“Essential Brooklyn” is an 8-part series spotlighting the people and organizations working overtime to lift up their communities through the COVID-19 pandemic. These are the ones who give the most with the least resources. They’re our true essential workers, our community anchors; the ones who often go unnoticed, until you need them…. The ones who have been there for us all along.
Standing on Belmont Avenue with a handful of face masks, Rodney Frazier stepped aside to avoid being in a photograph. He passed a mask to a man who approached him, shot him a smile, and kept looking for others who needed one.
He seemed almost oblivious to the cameras and small crowd around him, which had gathered for a visit from Brooklyn’s Borough President, there to support Frazier’s work. But in his chefs clothes, Frazier seemed more determined to give people masks and go back to the kitchen, than to stand around smiling and having his photograph taken.
He was not there for the attention: He was there to work; he was there to teach; and he was there to serve the people in his community.
Frazier is the executive chef behind Collective Fare and chef educator at the Brownsville Community Culinary Center, two organizations that have pivoted during the pandemic to provide meals for the most vulnerable and at-risk residents in their community, Brownsville, free of charge.
“I have a cousin and her husband that work at Bellevue [Hospital]. She’s a psychiatrist. So is he,” Frazier said. “What I do is minor compared to them putting their safety at risk.”
But they are working on different playing fields, and Frazier’s impact is by no means minor. Working day and night from the kitchen at BCCC, Collective Fare is preparing 800 healthy meals a day for people in need and is planning to scale to 2000 a day.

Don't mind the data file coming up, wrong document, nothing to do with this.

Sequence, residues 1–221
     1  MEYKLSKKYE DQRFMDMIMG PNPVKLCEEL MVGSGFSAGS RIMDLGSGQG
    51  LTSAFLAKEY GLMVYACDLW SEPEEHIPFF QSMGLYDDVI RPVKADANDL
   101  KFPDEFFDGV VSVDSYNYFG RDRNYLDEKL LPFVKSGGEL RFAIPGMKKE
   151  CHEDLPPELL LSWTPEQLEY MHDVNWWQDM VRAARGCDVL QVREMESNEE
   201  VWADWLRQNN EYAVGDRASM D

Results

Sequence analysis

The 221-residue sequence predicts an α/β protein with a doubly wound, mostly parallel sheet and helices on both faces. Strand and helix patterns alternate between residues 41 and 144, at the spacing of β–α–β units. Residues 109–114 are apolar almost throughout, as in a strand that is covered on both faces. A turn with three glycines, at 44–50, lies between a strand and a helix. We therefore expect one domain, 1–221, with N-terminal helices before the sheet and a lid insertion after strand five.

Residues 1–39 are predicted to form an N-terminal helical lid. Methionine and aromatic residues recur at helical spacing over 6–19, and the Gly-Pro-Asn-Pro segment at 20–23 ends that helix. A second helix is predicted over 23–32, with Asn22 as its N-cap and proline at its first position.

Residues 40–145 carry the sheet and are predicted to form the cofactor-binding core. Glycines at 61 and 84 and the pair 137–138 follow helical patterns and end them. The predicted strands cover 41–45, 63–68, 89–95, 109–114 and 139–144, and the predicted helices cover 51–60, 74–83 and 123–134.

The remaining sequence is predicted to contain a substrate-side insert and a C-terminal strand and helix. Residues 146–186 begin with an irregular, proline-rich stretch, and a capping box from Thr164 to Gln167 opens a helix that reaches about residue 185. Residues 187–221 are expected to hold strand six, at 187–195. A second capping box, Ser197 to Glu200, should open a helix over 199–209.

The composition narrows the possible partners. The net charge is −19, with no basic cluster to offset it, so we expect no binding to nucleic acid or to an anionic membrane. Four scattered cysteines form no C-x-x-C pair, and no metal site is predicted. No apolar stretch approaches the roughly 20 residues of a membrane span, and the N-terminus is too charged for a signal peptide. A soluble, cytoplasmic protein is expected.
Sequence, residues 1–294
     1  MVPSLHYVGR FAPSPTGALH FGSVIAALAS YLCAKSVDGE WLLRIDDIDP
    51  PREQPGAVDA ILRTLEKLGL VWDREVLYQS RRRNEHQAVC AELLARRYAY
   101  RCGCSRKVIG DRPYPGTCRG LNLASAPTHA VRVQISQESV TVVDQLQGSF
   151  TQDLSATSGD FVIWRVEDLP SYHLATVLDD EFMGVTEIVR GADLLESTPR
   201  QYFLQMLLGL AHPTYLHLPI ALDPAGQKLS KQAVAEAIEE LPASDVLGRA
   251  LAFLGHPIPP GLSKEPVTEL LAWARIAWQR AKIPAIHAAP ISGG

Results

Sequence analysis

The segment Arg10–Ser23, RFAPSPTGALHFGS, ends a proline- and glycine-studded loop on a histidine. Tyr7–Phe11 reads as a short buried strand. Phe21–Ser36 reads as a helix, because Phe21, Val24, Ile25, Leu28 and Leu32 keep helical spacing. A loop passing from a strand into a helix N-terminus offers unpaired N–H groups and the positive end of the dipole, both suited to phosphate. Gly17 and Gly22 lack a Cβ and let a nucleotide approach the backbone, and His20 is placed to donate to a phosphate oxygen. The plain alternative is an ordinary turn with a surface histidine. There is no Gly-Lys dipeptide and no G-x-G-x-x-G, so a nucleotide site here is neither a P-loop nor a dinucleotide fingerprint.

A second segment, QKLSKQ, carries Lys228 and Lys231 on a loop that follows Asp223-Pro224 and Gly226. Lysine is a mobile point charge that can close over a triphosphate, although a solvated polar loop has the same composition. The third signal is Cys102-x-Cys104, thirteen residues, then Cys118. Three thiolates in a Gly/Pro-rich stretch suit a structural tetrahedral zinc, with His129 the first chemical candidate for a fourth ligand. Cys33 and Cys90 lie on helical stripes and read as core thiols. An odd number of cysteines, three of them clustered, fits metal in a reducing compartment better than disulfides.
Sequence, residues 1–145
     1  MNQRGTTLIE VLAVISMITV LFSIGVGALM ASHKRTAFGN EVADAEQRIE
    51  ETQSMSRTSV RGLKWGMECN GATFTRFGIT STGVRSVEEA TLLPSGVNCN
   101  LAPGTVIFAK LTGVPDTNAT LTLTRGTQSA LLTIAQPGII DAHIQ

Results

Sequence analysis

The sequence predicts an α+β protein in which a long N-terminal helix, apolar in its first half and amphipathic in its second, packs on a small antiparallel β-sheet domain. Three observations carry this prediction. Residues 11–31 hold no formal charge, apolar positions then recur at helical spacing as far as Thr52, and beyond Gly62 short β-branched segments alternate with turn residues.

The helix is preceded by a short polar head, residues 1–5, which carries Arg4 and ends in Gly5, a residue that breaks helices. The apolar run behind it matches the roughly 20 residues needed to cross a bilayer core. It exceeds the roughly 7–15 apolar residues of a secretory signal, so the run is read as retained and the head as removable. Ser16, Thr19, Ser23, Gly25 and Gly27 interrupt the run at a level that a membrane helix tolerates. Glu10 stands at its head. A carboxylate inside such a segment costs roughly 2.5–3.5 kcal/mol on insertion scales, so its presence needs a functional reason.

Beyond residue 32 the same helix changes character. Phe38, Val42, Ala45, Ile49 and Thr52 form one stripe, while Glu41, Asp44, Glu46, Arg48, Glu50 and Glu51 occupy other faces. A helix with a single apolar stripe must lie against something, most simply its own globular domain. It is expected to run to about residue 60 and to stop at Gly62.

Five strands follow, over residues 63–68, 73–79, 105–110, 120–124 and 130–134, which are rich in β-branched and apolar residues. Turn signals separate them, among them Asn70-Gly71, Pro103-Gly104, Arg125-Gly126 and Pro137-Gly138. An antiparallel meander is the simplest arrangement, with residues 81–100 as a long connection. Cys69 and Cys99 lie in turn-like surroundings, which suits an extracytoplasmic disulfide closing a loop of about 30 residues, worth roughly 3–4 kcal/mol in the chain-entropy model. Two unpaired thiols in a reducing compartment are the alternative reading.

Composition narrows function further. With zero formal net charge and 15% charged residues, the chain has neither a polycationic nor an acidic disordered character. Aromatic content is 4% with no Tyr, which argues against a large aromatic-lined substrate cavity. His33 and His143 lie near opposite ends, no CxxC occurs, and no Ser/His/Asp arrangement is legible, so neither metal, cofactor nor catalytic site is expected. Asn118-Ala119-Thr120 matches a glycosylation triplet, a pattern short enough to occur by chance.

“I don’t think chefs engage enough in their communities, and I wanted to really make a difference in my career,” he said. “God knows I’m putting my family at risk, but I want to be out here, I want to see the need and I want to touch it.”
Engaging in his community is the bread and butter of Frazier’s work as a chef. With more than 25 years of experience working in restaurants, including training inmates in foodservice, Frazier has spent the last few years giving free training to young Brownsville residents wanting to pursue a career in the food service industry through a full-time program at the BCCC.
As a chef, he said food was a way to engage in meaningful conversations in communities, and others working in the profession should band together to tackle the city’s diet-related illnesses.
“In every neighborhood the problems are different. If we all pick our specific locations and do what we can with it, the word spreads like wildfire,” he said.
Meals For All
When COVID-19 hit, BCCC and its onsite partners Collective Fare– an education and catering company cofounded by Frazier– knew the pandemic would hurt Brownsville in ways it would not affect others neighborhoods. Systematic inequities and decades of under investment have left the neighborhood with some of the highest poverty and failing health rates in the city.
“We knew there would be places that would be saved immediately and others that would not, and we knew for a fact that Brownsville wasn’t going to be the first place on anybody’s radar,” Collective Fare Director of Operations LaToya Meaders told BK Reader. So she, Frazier and BCCC cofounder Lucas Denton did something about it.
Rehiring graduates of BCCC’s chef training program who were out of work with restaurant closures, they started the Meals For All program to make sure everyone in their community could be fed, and fed well.